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Fort McClure, Columbia County, Pennsylvania
Posted By Dennis Partridge On In Pennsylvania | No Comments
Col. Freeze says, the year 1777 and the next four or five following, were years of great activity and danger in the Indian fighting in and about what was originally Columbia county. The regular military authorities had done their best to protect the frontiers of the Pennsylvania settlements, but they had few officers and fewer men to spare from the Federal army, and therefore, the defense of the settlements fell upon the local heroes and heroines of the Forts of the Susquehanna.
A chain of forts, more or less protective had been constructed, reaching from the West Branch to the North Branch of the Susquehanna, comprising Fort Muncy, Fort Freeland, Fort Montgomery, Bosley’s Mills, Fort Wheeler and Fort Jenkins. The great war path through the valley, known as the “The Fishing Creek Path,” started on the flats, near Bloomsburg, on the North Branch, up Fishing creek to Orangeville, on to near Long Pond, now called Ganoga Lake, thence across to Tunkhannock creek. It was on this very path that Van Campen, the most prominent Indian fighter on the North Branch was captured, in 1780, and no man better than he knew the great necessities of the section.
The destruction of Fort Jenkins in 1780 had exposed the right flank of the protecting forts and the Indian marauders made wild work among our defenseless frontiers. On his (Van Campen’s) return from captivity he assisted in organizing a new force, repairing the forts dismantled or abandoned, and also stockaded the residence of Mrs. James McClure, and the place was thereafter known as McClure’s Fort. It is on the north bank of the North Branch of the river Susquehanna, and is reported to have occupied the exact site of the present dwelling house of the late Douglas Hughes, below Bloomsburg, about one mile above the mouth of Fishing creek. It was an accessible point and gave the command of the military line across the river valley. It became the headquarters for stores and expeditions, and was an important point so long as it was necessary to maintain fortifications on the river.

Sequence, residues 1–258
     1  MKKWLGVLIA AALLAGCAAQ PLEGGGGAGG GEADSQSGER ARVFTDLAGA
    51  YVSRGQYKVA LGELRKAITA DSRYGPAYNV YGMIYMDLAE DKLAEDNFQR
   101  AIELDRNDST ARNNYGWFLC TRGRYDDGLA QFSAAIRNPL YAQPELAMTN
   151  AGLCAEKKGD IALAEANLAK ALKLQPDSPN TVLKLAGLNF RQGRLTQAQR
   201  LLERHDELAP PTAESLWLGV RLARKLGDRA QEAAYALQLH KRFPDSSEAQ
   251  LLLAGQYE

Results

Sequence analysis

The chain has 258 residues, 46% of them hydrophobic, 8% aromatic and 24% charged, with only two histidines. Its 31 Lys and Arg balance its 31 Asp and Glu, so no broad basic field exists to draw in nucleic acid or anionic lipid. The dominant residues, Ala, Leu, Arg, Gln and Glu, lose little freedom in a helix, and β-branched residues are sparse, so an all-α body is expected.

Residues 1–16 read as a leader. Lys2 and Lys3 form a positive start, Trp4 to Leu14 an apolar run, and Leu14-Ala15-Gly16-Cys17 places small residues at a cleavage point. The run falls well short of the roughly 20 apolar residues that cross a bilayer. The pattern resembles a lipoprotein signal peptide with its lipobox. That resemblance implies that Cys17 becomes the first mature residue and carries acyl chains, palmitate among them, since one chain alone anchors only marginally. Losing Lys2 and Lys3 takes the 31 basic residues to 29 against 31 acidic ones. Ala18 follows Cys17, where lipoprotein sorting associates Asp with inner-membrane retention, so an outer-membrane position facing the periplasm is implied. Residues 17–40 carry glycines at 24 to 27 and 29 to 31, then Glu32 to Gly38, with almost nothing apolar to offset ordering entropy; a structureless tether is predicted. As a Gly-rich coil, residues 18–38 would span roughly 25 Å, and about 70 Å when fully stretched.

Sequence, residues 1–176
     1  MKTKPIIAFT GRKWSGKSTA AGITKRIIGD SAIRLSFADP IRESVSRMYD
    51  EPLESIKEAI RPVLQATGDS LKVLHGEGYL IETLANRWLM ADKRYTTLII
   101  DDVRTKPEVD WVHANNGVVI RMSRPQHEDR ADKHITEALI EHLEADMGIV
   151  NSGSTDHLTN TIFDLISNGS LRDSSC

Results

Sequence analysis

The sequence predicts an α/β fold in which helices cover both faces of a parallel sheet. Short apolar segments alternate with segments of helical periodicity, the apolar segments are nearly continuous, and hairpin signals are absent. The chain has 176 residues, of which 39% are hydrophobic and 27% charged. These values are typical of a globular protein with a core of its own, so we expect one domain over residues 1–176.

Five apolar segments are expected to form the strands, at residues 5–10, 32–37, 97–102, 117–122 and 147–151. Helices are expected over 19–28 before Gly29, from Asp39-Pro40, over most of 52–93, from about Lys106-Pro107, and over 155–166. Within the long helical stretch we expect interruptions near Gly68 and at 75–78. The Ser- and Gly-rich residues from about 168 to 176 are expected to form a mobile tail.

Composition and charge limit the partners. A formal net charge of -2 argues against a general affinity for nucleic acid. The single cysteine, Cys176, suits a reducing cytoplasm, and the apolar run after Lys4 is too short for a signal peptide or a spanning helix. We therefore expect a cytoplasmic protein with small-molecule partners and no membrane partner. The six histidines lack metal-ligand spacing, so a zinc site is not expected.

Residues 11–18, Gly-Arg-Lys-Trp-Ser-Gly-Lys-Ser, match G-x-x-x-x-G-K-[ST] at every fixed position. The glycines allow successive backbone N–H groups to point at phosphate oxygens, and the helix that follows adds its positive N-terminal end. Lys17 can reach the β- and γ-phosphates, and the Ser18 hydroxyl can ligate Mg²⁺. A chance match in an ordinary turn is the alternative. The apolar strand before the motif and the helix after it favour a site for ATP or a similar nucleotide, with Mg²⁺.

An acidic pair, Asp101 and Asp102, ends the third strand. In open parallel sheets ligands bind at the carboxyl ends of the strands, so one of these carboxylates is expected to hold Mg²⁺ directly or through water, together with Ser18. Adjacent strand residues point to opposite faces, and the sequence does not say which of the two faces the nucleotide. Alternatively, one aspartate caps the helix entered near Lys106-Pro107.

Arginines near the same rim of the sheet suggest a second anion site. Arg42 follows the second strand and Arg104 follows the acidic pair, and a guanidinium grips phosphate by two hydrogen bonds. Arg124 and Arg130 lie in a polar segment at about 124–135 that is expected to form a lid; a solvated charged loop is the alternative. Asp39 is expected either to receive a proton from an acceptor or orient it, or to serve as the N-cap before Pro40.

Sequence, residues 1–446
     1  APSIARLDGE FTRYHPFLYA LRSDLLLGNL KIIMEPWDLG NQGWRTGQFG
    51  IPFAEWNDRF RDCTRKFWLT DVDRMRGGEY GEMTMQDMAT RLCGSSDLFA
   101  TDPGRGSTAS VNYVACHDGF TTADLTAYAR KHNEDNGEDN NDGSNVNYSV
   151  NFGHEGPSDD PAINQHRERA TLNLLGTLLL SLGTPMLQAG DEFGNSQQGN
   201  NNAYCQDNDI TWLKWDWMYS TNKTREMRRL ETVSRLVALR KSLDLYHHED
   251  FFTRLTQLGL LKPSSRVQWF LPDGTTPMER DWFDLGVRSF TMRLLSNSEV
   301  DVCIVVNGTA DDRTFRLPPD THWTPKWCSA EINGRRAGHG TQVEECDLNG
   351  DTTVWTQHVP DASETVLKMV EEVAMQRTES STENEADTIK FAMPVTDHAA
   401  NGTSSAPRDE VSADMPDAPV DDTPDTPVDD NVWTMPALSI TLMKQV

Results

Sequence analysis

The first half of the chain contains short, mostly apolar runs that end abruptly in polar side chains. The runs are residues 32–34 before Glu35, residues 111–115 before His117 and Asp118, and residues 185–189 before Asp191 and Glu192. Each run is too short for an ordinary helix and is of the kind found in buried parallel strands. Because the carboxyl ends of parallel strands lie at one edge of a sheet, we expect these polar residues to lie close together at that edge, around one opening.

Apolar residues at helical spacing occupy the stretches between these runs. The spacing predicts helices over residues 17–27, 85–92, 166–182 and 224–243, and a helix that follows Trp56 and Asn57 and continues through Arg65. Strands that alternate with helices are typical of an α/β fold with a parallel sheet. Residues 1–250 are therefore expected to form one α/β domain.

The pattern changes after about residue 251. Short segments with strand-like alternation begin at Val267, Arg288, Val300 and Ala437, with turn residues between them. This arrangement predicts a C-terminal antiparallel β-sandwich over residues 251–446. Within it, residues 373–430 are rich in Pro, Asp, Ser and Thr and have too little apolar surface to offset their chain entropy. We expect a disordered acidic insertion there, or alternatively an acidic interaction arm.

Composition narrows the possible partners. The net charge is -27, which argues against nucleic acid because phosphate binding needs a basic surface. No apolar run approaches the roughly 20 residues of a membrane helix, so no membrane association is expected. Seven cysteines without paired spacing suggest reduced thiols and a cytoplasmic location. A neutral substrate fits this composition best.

It does not seem to have ever been formally attacked, but there are traditions of lurking savages and hurried embarking upon boats and canoes and the protection of the wide Susquehanna.
How thrilling soever these adventures may have been they are now forgotten.
“Time rolls his ceaseless course; the race of yore,
Who danced our infancy upon their knee,
And told our marveling boyhood legends store
Of their strange ventures happ’d by land or sea,
How are they blotted from the things that be!”
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